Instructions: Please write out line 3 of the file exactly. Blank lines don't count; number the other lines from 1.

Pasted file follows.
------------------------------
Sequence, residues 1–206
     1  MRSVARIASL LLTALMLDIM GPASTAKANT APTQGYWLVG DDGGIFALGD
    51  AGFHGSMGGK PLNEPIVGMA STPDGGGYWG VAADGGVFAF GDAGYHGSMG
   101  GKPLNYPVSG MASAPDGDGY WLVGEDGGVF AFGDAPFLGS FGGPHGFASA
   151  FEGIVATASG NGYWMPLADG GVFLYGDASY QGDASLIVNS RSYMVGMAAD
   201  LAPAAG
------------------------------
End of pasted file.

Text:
    51  AGFHGSMGGK PLNEPIVGMA STPDGGGYWG VAADGGVFAF GDAGYHGSMG